These are the obvious questions Onah and Lee want us to ask during “Luce,” and these alone are enough to make it a serviceable drama and thriller, but the ambitious storytellers take things further and push our intellectual and emotional buttons even more. One of the ways they accomplish this is by not making Luce the only character of interest. This is not just his story and ample screen time has also been allotted to Miss Wilson, Amy, and Peter, although probably not enough for the latter. The film gives these supporting characters time to develop and become more human and complicated as the overall tension mounts.
Miss Wilson initially comes across as a stern, gloomy, villainous type—angry, lonely, set in her ways. We first see her as someone who overreaches and feels the normal rules of authority don’t apply to her. But just like Luce, there’s more to her and she’s not just strict and punitive because she can be, but because, perhaps, her personal life has left her shaken and scarred to the point where she can only manage her sadness by inflicting discipline on her students. She has a mentally ill sister (Marsha Stephanie Blake) who requires the kind of care and attention Miss Wilson simply can’t provide and has grown exhausted trying. She therefore devotes all her time to the school because she’s desperate to be a positive influence in some way, and teaching, shaping and controlling adolescents, especially black ones, makes her feel capable and in control.
Amy also finds solace in her career as a pediatrician, so when Miss Wilson presents her with the possibility Luce might be some kind of threat, it’s clear she doesn’t know where to turn and becomes increasingly reactionary and frantic. She reaches out to Luce’s classmate Stephanie (Andrea Bang) for answers and is shocked when Stephanie tells her she and Luce dated. What else Stephanie reveals, I’ll let you discover, but the news isn’t easy for Amy to hear and it paradoxically gives her relief while also making her more uncertain about her son.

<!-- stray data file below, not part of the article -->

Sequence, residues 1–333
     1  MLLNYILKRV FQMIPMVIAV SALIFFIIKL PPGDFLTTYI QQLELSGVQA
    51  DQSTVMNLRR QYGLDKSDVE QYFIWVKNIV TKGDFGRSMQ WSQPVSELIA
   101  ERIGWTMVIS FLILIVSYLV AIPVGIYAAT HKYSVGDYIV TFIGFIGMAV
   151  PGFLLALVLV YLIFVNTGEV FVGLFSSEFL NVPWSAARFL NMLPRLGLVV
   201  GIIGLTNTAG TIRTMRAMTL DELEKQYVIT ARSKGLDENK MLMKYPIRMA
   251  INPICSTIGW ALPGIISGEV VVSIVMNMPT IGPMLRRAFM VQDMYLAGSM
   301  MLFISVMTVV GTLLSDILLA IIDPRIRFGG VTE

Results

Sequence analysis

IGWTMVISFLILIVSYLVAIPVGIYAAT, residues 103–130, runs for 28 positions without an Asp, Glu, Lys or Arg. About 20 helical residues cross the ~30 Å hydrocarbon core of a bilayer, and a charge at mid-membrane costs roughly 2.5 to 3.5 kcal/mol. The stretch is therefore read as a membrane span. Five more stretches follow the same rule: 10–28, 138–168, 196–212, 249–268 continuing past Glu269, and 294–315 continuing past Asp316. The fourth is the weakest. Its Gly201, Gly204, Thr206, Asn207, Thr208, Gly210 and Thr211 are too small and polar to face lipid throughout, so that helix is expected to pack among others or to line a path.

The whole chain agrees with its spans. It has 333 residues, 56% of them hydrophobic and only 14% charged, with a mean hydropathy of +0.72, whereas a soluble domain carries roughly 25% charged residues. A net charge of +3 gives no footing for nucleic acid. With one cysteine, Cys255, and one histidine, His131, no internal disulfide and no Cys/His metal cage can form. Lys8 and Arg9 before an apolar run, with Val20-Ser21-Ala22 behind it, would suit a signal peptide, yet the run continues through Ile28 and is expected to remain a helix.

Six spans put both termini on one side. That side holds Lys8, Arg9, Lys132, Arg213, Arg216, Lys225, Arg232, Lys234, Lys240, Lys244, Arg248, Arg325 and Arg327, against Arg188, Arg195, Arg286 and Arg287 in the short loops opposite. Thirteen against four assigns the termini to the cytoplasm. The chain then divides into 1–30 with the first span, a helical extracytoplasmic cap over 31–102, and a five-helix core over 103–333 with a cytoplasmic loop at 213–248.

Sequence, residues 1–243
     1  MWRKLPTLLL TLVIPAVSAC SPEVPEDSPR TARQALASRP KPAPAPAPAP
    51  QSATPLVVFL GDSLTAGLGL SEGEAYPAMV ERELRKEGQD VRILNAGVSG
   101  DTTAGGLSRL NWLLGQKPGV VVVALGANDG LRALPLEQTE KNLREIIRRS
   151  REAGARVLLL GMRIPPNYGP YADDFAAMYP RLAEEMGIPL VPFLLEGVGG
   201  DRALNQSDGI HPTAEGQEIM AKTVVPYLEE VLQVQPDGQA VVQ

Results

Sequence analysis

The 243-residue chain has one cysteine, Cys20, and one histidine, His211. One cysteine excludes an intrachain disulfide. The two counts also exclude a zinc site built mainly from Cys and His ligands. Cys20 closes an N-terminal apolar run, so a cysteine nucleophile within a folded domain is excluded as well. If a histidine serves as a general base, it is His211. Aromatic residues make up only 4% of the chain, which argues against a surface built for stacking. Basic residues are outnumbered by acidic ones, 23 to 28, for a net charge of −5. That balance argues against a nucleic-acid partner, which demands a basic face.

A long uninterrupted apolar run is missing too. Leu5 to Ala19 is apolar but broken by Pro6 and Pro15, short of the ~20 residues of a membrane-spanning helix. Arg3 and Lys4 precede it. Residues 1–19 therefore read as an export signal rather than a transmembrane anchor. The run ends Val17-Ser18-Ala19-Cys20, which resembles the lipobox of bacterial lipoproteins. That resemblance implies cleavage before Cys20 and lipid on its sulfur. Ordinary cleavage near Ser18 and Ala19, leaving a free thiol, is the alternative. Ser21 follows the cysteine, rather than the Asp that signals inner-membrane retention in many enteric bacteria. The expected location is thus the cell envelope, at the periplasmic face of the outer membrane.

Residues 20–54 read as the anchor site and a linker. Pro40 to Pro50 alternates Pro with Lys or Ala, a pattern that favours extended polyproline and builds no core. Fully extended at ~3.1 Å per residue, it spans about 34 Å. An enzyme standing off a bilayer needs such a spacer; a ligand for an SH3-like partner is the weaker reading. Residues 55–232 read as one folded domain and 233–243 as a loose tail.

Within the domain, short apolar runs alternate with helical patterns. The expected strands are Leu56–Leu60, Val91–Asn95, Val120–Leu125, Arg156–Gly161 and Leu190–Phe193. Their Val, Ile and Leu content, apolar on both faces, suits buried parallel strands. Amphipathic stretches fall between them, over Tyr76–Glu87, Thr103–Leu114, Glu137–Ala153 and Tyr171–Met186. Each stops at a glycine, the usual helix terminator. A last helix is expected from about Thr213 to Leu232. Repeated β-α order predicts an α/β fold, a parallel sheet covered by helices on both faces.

Peter is unfortunately not as fleshed out as the other characters, which is a shame since Tim Roth has such a strong screen presence. He isn’t given as many individual scenes and we really only see Peter from one side, although, to be fair, it’s a compelling side because it shows Peter has pent up anger and the recent accusation toward Luce causes old wounds between him and Amy to resurface. We appreciate the film taking the time to dismantle Peter and Amy’s marriage somewhat and show they’re more than just a yuppie white couple. Their affluence and upper-class status has not necessarily made them happy.
One aspect of the story that’s no so well relayed is the idea of just how difficult it is for a white couple to raise a refugee African child. Sure, the characters speak of it, but it’s all in their past, and a palpable sense of such a lofty and arduous undertaking is never quite felt, which seemed necessary because it plays such an integral part in the characters’ lives. I’m not sure a flashback would have helped, but this subject deserved more attention than just dialogue.
I also couldn’t quite accept a scene late in the film that takes place between Luce and his family and Miss Wilson and the principal. It had an air of staginess and there comes a point when one character makes a crucial decision that seemed too haste and non-credible for an otherwise complex and grounded screenplay, just so it could start to tie up the plot threads. It’s as if the story had worn itself out that it didn’t have enough energy left to see its bold ambitions all the way through.
Still, despite “Luce” not being entirely sound, I admire its vow to not settle for easy answers or crowd-pleasing conclusions. We leave the film shaken, confounded, emotionally touched, somewhat angry, and morally torn. Onah and Lee know the material isn’t the kind that renders universally agreed upon interpretation. Its issues are multi-faceted and the kind a Hollywood film can only bring up but never fully address or even make sense of, even though we wish it could. However, the fact that “Luce” does bring them up but remains smart enough not to suggest clear-cut answers, while still managing to stir us with its drama and performances, speaks to its value.